Skip to main content
Habits and StrategiesHappiness

The Physical Benefits of Happiness

By January 31, 2024No Comments


We are all familiar with the basic guidelines for good health: exercise, eat right – more fruits and veggies, less red meat, more fish, fewer calories, more fiber, less sugar- don’t smoke, don’t abuse alcohol or drugs.  If we follow these guidelines and maintain an optimal weight, many health problems would be greatly diminished.

But there is another dimension to our health. How we think and feel, how we interact with others, and the kind of activities we spend our time doing can have a huge impact on our physical health.

We can assess these different habits and behaviors by how they affect our happiness, our relationships, and our resilience. Which helps us to function better? Which helps us to enjoy the company of family and friends? Which helps us to be more effective and to live a better life?

Fortunately, over the years there has been a great deal of very good research that is beginning to show some clear and consistent guidelines for how to practice psychological health, and live a happier and more fulfilling life.

It’s also shown some practices that can lead to a physically healthier life.

There’s a clear difference, for example, between people who are more optimistic or more pessimistic. Optimists have greater longevity – living an average of about eight years longer than pessimists. They have healthier hearts, more resilient immune systems, and even have fewer bad events happen to them – because they take active steps to anticipate and avoid them.

Optimists tend to practice healthier behaviors – for example, they tend to give up smoking, while pessimists tend not to. The skills of optimism are also a powerful inoculation against depression.

Optimists tend to be more effective in general, because they tend to look for solutions to problems, while pessimists tend to look for problems in the solutions.

Optimists tend to have better social support, because people tend to stay in contact with optimists longer. As the late Chris Peterson of The University of Michigan told a group of us, “Misery loves company, but company does not love misery.”

From the ongoing Harvard Longitudinal Study that has followed men since 1938, there was no difference in health up to age 40, but from ages 40-50, optimistic men stayed healthy, while pessimistic men began to get sick and die – usually from heart problems. If they had a 2nd heart attack, it was correlated with pessimism, not the traditional health indicators such as cholesterol or high blood pressure.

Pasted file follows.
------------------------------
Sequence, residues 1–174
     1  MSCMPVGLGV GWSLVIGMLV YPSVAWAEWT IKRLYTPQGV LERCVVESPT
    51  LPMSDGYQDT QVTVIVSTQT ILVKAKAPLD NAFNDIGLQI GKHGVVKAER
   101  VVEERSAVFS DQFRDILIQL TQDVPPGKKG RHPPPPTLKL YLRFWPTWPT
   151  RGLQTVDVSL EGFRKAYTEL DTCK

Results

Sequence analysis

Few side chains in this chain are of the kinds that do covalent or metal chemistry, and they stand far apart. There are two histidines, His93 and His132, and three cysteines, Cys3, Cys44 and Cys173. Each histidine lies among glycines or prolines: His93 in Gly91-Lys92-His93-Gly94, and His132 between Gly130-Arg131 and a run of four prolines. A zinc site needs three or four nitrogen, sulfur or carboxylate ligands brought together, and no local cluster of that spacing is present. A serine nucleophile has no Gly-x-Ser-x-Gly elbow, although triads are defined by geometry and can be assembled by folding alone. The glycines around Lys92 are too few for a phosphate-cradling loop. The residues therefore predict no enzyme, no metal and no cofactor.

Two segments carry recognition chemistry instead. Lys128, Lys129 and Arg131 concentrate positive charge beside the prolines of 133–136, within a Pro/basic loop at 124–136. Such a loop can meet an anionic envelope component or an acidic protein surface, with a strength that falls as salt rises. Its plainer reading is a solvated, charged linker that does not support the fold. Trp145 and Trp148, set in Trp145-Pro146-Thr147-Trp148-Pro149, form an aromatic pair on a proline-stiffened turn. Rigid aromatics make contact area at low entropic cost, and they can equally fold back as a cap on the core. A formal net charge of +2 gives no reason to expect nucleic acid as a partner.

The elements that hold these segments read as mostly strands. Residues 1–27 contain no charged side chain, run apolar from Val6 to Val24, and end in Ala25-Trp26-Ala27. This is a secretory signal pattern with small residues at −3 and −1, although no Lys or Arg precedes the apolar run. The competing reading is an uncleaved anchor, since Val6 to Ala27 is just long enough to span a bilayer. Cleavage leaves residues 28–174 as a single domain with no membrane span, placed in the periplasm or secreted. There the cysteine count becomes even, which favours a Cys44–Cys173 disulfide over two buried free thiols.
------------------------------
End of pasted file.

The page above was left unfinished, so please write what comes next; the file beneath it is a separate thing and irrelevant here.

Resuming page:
The former director of the study, Harvard professor George Vaillant, MD, shows how to apply it to your own life in his marvelous book, Aging Well: Surprising Guideposts to a Happier Life from the Landmark Harvard Study of Adult Development.

Optimism is only one element of a happy life, but it is the easiest one to improve. While some people are naturally more optimistic than others, it is possible, by practicing some fairly simple skills over time, to become more optimistic.

Conscientiousness – the propensity to follow socially prescribed norms for impulse control, to be task and goal directed, to make plans, to delay gratification – leads to greater longevity and better health.  This is true also for the spouse of a more conscientious person, whose health and longevity improve by virtue of their partner’s virtue, regardless of their personal practice (!).

Another quality that can affect our health is how many positive emotions we enjoy in our daily life. Positive feelings tend to act as an antidote to negative feelings and experiences. A ratio of about three to one positive to negative experiences is the tipping point where positive emotions come more easily, and the benefits really start to take hold.

Positive emotions relate to longevity and cardio-vascular health, as well as stronger immune functioning, lower neuroendocrine and inflammatory activity, fewer symptoms of illness, and less pain. Positive emotions also lower the likelihood of hypertension and diabetes mellitus, risk of stroke, and even susceptibility to the common cold.

Positive emotions have also been shown to counteract depression following a crisis, and minimizing depression can have a very positive effect on our health. Depressed people are much more likely to have heart problems, and depression itself can make it difficult to do the things that can improve our overall health and well-being.

There are skills that can counteract depression, and gratitude is one of these. The simplest intervention that has been shown to both increase happiness and decrease depression, is to simply think of three good things that happened at the end of each day, and why they happened.

Practicing forgiveness, avoiding holding grudges, and decreasing hostility also have a positive effect on the health of your heart.

The bottom line is this:

Practicing optimism, conscientiousness, positive emotions, gratitude, and forgiveness can not only significantly improve your happiness, but the quality of your physical health as well.

PS: My course, Mastering Emotions, Moods and Reactions can help you with this part of your life in much greater detail, with deep understanding and practical skills for mastering these systems and living well for $99, if you use this code: LB99. And now you can purchase the workbook from this course separately here.